Tag Archives: Thick As A Brick

Feckin Irish Gin

Travel may broaden the mind but, as that is problematic these days, try drinking some gin. Feckin, I had always thought, is one of those expletives along with frickin that are deemed by some to be less offensive than the more guttural Anglo-Saxon fucking. It is and its use in connection with a type of gin makes it stand out from the crowd and create a bit of a talking point.

Feckin, though, is also the participle derived from the Irish verb, feck, which means to steal, to throw or to leave in a hurry. More intriguingly, it is a version of the name of an Irish saint, St Fechin, who founded several monasteries on the island, including the one at Fore in County Westmeath. He was also said to have possessed supernatural powers and the ability to cure others. In an act of self-sacrifice which marked him out for canonisation, he refused to use his remarkable abilities on himself and succumbed to the yellow plague in 664 CE. His feast day is on January 20th.

There is a discernible trend amongst Irish distillers of taking a slightly wry, if not comic, approach to presenting and marketing their wares. A classic example of this trend is Shanky’s Whip, which I reviewed a little while ago. Feckin Irish Gin, produced at the Echlinville Distillery in Kircubbin in Northern Ireland’s County Down, on the shores of Strangford Lough, is another.

It comes in a tall angular bottle made of clear glass, not unlike those used by Martin Miller, with a longish neck and deploys a distinctive yellow for its labelling with black print. Looking more closely at the labelling I see that it is designed to look like a newspaper, the Echlinville Times, a marketing ploy used by Jethro Tull in 1972 when they wrapped their album, Thick as a Brick, second only to Aqualung in my view, in a copy of The St Cleve Chronicle and the Linwell Advertiser.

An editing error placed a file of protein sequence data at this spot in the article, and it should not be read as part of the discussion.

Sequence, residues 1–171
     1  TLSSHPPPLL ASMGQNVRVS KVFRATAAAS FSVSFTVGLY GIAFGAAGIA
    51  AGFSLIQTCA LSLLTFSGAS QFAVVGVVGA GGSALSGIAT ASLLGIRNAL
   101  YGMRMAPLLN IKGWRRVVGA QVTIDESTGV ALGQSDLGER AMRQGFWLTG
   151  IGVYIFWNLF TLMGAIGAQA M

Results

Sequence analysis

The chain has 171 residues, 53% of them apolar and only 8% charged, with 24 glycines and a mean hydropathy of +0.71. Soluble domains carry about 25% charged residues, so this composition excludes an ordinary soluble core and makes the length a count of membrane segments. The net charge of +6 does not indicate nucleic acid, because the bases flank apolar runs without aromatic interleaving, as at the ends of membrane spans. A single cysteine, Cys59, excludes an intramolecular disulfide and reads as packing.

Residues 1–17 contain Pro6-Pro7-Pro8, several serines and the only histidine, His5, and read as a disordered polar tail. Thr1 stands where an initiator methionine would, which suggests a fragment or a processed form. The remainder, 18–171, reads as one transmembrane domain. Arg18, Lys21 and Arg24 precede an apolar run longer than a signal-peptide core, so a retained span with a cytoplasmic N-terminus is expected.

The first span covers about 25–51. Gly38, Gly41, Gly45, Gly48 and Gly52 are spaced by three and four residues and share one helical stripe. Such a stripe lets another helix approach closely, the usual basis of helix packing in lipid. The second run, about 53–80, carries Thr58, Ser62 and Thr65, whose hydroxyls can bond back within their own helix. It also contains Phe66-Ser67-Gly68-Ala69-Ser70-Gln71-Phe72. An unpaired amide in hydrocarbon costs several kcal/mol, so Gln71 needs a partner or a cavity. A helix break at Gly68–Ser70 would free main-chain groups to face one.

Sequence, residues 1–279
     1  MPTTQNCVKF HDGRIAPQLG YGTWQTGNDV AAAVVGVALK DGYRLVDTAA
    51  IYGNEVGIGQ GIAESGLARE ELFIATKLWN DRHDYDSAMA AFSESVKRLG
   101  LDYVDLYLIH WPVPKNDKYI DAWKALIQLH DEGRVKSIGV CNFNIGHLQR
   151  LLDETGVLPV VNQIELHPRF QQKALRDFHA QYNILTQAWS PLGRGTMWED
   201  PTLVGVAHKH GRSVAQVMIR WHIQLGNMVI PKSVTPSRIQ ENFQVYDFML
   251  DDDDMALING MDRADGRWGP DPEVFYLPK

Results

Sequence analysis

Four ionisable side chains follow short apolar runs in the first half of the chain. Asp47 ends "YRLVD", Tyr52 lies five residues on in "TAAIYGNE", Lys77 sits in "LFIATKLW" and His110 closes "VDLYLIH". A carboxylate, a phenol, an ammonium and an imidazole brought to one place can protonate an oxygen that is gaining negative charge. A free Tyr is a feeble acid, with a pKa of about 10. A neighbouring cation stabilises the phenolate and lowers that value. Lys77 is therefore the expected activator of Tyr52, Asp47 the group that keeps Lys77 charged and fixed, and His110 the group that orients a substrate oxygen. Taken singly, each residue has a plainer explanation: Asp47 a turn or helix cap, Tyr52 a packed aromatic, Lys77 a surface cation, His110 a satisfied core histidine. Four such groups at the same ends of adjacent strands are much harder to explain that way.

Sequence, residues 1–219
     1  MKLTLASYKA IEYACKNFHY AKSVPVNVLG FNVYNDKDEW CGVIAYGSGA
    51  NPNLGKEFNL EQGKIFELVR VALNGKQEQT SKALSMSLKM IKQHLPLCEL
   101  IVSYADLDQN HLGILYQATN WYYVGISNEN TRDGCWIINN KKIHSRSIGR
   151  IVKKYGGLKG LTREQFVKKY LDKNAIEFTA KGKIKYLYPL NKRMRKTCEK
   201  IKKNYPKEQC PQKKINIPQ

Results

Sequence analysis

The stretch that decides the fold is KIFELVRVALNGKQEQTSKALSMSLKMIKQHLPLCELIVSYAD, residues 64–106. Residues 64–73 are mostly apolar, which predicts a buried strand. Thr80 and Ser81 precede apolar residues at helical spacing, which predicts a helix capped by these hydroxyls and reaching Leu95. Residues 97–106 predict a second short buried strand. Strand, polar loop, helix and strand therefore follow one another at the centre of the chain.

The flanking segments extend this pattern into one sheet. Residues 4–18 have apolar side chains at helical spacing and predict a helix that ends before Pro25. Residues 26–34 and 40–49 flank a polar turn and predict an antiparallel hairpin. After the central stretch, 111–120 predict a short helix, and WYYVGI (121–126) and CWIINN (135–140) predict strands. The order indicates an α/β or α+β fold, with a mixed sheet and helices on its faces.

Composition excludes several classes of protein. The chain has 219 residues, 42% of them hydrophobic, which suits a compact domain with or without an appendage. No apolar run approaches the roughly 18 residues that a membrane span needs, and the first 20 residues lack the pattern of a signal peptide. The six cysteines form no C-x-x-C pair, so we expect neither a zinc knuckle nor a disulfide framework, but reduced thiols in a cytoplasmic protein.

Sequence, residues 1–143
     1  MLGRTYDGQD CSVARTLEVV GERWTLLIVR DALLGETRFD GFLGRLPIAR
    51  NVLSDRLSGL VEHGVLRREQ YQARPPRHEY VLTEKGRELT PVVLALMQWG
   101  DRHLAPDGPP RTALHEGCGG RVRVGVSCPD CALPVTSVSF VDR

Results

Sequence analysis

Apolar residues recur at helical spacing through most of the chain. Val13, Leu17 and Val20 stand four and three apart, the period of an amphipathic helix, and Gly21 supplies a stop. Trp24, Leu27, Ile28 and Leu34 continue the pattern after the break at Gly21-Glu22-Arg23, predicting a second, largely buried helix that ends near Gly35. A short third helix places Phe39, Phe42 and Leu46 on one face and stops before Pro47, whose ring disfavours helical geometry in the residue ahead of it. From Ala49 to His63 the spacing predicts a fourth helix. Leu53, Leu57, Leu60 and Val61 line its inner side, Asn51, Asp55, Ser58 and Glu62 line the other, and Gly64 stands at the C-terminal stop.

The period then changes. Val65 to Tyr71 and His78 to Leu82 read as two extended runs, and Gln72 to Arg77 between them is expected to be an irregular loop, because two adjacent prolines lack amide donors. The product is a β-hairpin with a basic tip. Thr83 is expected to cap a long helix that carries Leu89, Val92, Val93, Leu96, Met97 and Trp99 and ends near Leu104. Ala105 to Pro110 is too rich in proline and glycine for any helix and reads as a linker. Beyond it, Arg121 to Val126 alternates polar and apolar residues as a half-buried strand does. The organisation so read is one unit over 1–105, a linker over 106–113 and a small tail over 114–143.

The newspaper idea affords them opportunities for a spot of whimsy, including an advert for a cat flap that is now surplus to requirements as Tiddles was lost out in the lough and a headline informing us that a man wearing a camouflage coat disappears in the forest. Visible from the back of the bottle is the inside of the label which screams “Out of this Feckin World” and that Feckin Irish Gin was found on the Moon. Don’t you just love the Irish sense of humour?

The Feckin brand first emerged in 2005 with the launch of its whiskey and then in 2014 Echlinville Distillery was granted the first licence to distil spirits in Northern Ireland for over 130 years. Yhey also produce a vodka and are expanding to include a museum and visitor centre.

The colour scheme, as well as giving the spirit a distinctive look which stands out from the crowds spawned by the ginaissance, also gives a heavy hint as to the predominant flavour the drinker can expect. There are just five botanicals used in the distillation process: juniper, lemons, angelica root, cassia bark, and coriander. As one who fervently believes that less is more and that each botanical must be made to work, this approach wins my seal of approval.